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Meet the New Innovators: 8 Pioneering Art Dealers Who Predicted the Future of the Art Industry—and Then Made It Happen | artnet News

Meet the New Innovators: 8 Pioneering Art Dealers Who Predicted the Future of the Art Industry—and Then Made It Happen | artnet News

Now, more than a decade after they opened their first space, the rest of the art world seems to be catching up, with Hollybush Gardens artists Charlotte Prodger, Andrea Büttner, and Himid all receiving nominations for (or winning) the Turner Prize in recent years.

Panting and Ståhl hope that, in the future, they are no longer outliers. “It’s not simply the question of gender now, it’s a very deep-rooted question about how artists get selected, who gets what position, how this world is gatekept,” Panting says. “It won’t sustain itself if it doesn’t break beyond what it has been.”

 

Penny Pilkington, 63, & Wendy Olsoff, 63, Cofounders of P.P.O.W. Gallery, New York

Wendy Olsoff & Penny Pilkington. Photo: Grace Roselli. Courtesy of P·P·O·W, New York.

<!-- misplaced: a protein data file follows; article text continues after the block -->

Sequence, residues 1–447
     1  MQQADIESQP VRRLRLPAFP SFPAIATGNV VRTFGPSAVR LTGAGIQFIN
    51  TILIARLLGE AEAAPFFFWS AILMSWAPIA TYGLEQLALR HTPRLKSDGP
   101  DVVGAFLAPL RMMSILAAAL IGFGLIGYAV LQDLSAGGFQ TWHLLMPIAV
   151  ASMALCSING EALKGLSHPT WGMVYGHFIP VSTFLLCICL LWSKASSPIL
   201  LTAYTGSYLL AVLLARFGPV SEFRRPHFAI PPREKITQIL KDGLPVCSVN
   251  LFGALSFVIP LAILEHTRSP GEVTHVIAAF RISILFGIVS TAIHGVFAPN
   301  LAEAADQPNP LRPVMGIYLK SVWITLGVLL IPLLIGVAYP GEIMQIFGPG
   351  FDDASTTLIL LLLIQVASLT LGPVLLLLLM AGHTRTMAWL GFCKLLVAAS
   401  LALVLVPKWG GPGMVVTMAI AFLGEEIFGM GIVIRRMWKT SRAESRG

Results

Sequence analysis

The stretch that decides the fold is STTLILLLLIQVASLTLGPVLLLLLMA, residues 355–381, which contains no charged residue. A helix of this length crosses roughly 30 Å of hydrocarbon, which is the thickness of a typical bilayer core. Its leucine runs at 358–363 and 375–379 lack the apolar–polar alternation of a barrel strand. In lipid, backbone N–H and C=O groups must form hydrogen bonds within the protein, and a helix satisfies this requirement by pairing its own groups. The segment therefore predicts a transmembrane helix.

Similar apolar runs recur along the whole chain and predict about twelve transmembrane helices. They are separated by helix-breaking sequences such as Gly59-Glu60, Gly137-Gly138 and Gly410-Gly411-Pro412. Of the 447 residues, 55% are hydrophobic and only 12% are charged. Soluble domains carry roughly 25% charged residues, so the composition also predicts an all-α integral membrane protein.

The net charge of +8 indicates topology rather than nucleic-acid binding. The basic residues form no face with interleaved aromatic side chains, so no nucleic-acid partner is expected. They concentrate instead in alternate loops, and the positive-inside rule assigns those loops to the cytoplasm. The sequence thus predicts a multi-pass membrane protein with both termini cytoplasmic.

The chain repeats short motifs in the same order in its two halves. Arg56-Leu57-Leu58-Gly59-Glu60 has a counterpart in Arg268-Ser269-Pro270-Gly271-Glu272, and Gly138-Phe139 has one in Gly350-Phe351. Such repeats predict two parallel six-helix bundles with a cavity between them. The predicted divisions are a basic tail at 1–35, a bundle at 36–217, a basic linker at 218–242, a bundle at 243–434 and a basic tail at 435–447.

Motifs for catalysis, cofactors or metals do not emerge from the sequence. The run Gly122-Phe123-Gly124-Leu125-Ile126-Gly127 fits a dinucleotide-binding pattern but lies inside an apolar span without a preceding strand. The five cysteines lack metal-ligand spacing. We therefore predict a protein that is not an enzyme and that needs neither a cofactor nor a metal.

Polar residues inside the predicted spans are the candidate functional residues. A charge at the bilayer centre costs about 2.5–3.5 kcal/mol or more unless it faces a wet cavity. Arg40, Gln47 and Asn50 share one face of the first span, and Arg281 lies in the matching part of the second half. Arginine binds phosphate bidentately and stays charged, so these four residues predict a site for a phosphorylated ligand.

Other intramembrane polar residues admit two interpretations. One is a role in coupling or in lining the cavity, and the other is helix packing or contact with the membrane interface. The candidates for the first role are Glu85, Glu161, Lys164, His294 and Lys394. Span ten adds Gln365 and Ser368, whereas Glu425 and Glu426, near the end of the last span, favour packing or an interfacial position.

In some ways, the history of P.P.O.W. doubles as a history of art galleries in New York. Founders Penny Pilkington and Wendy Olsoff opened their first space—the name is a combination of their initials—in the East Village in 1983 before moving to SoHo and then, in 2002, to Chelsea. Now, they are getting ready to move yet again, to the fast-growing gallery hub of Tribeca. All the while, however, one thing has differentiated them from the pack: an unwavering commitment to artists, like Martin Wong and David Wojnarowicz, who grapple with politics and identity, whether or not the subject matter was market-friendly at the time. “We realized along the way that we should stick to our strengths, and our strengths were the artists we showed,” Olsoff says.

Ramiro Gomez, Las Meninas (2015). Courtesy of the artist and PPOW, New York.

In recent years, the gallery has begun working with a number of younger artists who carry on this legacy—among them, Aaron Gilbert, Ramiro Gomez, and Carlos Motta. In light of the recent Black Lives Matter protests, the duo are continuing to seek out new voices—and question their own. “We always showed artists of color,” Olsoff says, “but as two white women, where can we do better and how can we educate our staff and continue to serve as a role model for other galleries?”


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